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United States v. Brodigan

United States District Court, D. Nebraska

December 8, 2017

UNITED STATES OF AMERICA, Plaintiff,
v.
D'NE ROSE BRODIGAN, Defendant.

          AMENDED TENTATIVE FINDINGS

          John M. Gerrard United States District Judge

         The Court has received the presentence investigation report in this case. The defendant objects to the presentence report, and moves for a downward departure and variance. Filing 59; filing 60.

         IT IS ORDERED:

         1. The Court will consult and follow the Federal Sentencing Guidelines to the extent permitted and required by United States v. Booker, 543 U.S. 220 (2005) and subsequent cases. In this regard, the Court gives notice that, unless otherwise ordered, it will:

(a) give the advisory Guidelines respectful consideration within the context of each individual case and will filter the Guidelines' advice through the 18 U.S.C. § 3553(a) factors, but will not afford the Guidelines any particular or "substantial" weight;
(b) resolve all factual disputes relevant to sentencing by the greater weight of the evidence and without the aid of a jury;
(c) impose upon the United States the burden of proof on all Guidelines enhancements;
(d) impose upon the defendant the burden of proof on all Guidelines mitigators;
(e) depart from the advisory Guidelines, if appropriate, using pre-Booker departure theory; and
(f) in cases where a departure using pre-Booker departure theory is not warranted, deviate or vary from the Guidelines when there is a principled reason justifying a sentence different than that called for by application of the advisory Guidelines, again without affording the Guidelines any particular or "substantial" weight.

         The defendant has moved for a downward departure or variance. She argues that her history of abuse, anxiety, and depression warrants a downward departure under U.S.S.G. § 5H1.3. Filing 62 at 3. And she contends that those circumstances, in addition to her remorse for the crime, warrant a downward variance pursuant to 18 U.S.C. § 3553(a). Filing 62 at 4. The defendant also moves for a downward departure under § 4A1.3(b), which applies when the defendant's criminal history category, while properly assessed, "substantially over-represents the seriousness of the defendant's criminal history or the likelihood that the defendant will commit other crimes." The defendant argues that the presentence report's 1-point assessment to her criminal history score for a 2008 procuring offense over-emphasizes the severity of her criminal record, and thus should not be considered. After all, the defendant argues, the offense was committed "less than two months after her 18th birthday" and "almost nine years before the offense in this case[.]" Filing 62 at 1.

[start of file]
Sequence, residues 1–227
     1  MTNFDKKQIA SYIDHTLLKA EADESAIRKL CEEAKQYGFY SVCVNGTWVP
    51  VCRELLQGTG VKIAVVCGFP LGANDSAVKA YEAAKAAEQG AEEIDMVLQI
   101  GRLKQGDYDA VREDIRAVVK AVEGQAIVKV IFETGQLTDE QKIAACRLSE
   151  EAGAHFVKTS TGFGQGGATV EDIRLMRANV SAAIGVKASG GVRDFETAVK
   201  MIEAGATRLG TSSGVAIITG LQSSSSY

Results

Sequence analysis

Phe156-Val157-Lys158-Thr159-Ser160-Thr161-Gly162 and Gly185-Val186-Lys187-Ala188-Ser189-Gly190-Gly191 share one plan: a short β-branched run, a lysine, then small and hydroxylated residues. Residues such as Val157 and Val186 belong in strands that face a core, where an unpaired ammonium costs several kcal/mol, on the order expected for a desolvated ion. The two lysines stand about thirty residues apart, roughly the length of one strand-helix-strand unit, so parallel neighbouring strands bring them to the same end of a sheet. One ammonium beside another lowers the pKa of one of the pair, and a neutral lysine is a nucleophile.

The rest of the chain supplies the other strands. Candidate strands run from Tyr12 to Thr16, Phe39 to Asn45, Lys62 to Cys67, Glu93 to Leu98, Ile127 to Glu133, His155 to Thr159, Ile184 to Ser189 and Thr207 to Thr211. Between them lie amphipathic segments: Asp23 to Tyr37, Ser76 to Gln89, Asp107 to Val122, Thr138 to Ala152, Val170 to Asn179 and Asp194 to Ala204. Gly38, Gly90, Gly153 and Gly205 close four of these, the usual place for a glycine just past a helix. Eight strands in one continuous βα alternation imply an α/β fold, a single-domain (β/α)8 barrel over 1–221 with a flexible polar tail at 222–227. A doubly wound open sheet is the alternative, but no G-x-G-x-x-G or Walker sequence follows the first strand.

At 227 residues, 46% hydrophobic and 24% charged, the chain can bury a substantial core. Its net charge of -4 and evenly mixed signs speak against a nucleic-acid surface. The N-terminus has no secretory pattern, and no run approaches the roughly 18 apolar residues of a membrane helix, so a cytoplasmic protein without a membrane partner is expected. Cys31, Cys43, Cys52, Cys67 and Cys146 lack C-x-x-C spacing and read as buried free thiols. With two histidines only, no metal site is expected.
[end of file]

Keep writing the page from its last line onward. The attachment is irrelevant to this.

The defendant bears the burden to prove the appropriateness of a downward departure. See United States v. Cantu, 12 F.3d 1506, 1511 (9th Cir. 1993). The Court will resolve these issues at sentencing.

         2. The defendant has also moved for a departure under § 4A1.3(b) on the grounds that her total criminal history score was incorrectly calculated. Filing 62 at 2. She argues that her prior sentences for aiding and abetting and possession of a controlled substance should have been considered together, as opposed to separately, under § 4A1.2(a)(2). Accordingly, she argues, her total criminal history score should be 13, as opposed to 15, as currently reflected in the report. Filing 62 at 2.

         But the Court understands that motion as an objection to the presentence investigation report, and not-as it is currently styled-a request for downward departure. Indeed, the defendant does not suggest that her two prior sentences over-represent the seriousness of her prior criminal history. Rather, she argues that the sentences were incorrectly calculated in arriving at a ...


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